As the bells of St Mary's pierce the heavy silence of this bleak morning, John Donne's words spring into my mind:
Ask not for whom the bell tolls; it tolls for thee.
St. Mary's church is a positive factor in my life, even though I don't attend it and am not religious in the traditional sense.
Monday, October 18, 2010
Shenley Church End - St. Mary's Church
The Church of St Mary, in Shenley Church End, dates from about 1150 and originally comprised of chancel, nave, north and south transepts and perhaps a central tower. About 1190 the chancel was rebuilt and the only parts of the original structure remaining are the transepts and the west wall of the nave, at this time the south aisle was added.
Much work took place on the structure in the 14th and 15th centuries. The large five-light window was added in 1490 which has been considerably repaired. At the west end is a pointed door of the 14th century and above is a large 15th century of five cinquefoiled lights under a four-centred head, all extensively repaired. In the north aisle is a large monument to Thomas Stafford of Tattenhoe (d1607).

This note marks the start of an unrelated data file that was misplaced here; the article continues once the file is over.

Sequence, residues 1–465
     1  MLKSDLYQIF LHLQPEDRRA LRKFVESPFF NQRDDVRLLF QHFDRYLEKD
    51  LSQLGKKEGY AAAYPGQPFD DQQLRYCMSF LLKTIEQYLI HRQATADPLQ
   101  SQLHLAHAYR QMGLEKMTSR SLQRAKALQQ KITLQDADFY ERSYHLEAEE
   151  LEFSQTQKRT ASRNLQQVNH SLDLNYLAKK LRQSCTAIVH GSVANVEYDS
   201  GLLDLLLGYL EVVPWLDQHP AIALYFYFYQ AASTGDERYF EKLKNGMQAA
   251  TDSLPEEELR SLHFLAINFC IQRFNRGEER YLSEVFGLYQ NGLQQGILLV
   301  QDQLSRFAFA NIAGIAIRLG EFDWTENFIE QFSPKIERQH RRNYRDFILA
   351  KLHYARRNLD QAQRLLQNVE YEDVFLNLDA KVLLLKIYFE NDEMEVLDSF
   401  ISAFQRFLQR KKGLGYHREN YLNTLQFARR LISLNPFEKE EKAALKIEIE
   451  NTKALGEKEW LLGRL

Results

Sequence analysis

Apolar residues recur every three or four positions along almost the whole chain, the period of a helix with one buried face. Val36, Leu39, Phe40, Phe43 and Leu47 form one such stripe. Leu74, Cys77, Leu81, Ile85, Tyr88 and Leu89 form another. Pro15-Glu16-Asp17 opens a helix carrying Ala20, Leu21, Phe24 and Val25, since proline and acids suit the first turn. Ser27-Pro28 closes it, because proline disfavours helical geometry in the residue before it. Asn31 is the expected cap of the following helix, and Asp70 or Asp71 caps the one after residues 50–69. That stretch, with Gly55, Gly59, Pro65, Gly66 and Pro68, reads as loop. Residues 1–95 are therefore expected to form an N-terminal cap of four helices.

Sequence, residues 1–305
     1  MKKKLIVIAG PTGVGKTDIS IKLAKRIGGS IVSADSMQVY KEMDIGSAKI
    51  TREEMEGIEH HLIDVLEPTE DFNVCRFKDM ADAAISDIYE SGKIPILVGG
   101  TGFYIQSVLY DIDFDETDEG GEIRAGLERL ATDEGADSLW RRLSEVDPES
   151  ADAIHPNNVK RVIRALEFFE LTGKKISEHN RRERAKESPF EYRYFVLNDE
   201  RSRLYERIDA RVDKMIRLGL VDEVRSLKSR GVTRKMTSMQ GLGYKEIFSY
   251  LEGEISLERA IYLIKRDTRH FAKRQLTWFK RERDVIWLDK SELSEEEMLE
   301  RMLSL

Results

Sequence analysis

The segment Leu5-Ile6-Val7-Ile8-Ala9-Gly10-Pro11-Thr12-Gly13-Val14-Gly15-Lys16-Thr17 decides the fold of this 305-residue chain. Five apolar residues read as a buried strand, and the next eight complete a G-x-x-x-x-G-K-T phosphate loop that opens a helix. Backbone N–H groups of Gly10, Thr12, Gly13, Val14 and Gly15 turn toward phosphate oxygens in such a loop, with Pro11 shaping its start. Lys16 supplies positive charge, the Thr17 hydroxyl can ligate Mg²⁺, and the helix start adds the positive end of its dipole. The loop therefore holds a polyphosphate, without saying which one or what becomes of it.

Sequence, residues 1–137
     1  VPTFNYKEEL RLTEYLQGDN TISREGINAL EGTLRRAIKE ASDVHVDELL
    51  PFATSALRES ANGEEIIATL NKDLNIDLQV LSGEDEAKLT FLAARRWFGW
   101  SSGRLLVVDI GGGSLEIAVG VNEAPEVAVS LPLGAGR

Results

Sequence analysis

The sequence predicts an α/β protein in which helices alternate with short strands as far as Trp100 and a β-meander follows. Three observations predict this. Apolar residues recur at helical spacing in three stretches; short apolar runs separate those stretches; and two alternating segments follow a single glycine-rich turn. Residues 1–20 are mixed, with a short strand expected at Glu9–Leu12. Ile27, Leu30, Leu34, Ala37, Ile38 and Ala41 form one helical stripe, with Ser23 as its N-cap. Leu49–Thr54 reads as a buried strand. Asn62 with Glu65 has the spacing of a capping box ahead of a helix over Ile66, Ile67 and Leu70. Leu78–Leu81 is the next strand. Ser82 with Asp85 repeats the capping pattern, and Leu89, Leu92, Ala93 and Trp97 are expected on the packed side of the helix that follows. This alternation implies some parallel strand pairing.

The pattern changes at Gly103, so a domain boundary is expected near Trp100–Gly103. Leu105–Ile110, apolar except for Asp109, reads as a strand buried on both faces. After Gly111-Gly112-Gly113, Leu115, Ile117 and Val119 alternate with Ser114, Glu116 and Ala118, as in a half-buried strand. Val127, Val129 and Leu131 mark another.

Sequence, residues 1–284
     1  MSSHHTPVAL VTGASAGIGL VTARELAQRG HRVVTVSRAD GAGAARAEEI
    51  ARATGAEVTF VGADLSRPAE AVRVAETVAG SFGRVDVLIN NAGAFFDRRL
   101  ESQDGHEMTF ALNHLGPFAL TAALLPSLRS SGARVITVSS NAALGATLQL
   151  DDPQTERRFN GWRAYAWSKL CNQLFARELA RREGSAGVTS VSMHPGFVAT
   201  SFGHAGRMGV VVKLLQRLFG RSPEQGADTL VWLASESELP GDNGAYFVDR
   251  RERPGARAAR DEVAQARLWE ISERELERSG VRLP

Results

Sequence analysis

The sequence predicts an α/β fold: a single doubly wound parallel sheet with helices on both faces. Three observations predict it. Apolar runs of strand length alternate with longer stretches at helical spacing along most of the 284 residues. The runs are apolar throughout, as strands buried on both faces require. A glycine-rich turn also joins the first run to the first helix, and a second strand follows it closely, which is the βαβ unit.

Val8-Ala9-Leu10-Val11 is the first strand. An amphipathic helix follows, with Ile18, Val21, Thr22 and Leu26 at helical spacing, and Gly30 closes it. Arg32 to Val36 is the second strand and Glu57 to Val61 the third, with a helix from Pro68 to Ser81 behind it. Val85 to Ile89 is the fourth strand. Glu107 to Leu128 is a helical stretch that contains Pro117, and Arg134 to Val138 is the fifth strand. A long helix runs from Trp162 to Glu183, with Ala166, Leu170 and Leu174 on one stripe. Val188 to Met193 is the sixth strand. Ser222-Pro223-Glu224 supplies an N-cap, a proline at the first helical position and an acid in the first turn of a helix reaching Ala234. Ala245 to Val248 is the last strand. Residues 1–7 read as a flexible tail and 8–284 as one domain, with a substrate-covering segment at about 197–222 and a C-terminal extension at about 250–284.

The tower contains a ring of six bells; the treble is modern, while the second and third are by Newcome, 1615 and 1616 respectively, and the fourth and fifth by Bartholomew Atton, 1593 and 1610. The tenor, which bears the inscription 'Missi De Celis Abeo Nomen Amen Gabrelis,' was probably cast by Robert Burford in the early 15th century. There is also a small bell with no inscription, but probably of the 17th century.